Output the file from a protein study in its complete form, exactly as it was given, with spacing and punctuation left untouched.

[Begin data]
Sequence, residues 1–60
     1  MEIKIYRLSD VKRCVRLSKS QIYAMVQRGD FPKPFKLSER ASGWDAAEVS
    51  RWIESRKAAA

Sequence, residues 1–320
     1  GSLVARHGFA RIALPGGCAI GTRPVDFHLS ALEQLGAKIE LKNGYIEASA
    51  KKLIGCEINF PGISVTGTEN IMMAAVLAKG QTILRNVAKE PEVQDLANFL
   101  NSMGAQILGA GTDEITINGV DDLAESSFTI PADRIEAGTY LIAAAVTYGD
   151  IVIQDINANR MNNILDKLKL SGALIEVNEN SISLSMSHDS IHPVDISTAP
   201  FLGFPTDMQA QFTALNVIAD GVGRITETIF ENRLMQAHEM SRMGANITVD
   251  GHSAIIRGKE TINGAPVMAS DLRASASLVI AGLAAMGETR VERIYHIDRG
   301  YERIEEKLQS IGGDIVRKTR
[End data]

Sequence, residues 1–60
     1  MEIKIYRLSD VKRCVRLSKS QIYAMVQRGD FPKPFKLSER ASGWDAAEVS
    51  RWIESRKAAA

Sequence, residues 1–320
     1  GSLVARHGFA RIALPGGCAI GTRPVDFHLS ALEQLGAKIE LKNGYIEASA
    51  KKLIGCEINF PGISVTGTEN IMMAAVLAKG QTILRNVAKE PEVQDLANFL
   101  NSMGAQILGA GTDEITINGV DDLAESSFTI PADRIEAGTY LIAAAVTYGD
   151  IVIQDINANR MNNILDKLKL SGALIEVNEN SISLSMSHDS IHPVDISTAP
   201  FLGFPTDMQA QFTALNVIAD GVGRITETIF ENRLMQAHEM SRMGANITVD
   251  GHSAIIRGKE TINGAPVMAS DLRASASLVI AGLAAMGETR VERIYHIDRG
   301  YERIEEKLQS IGGDIVRKTR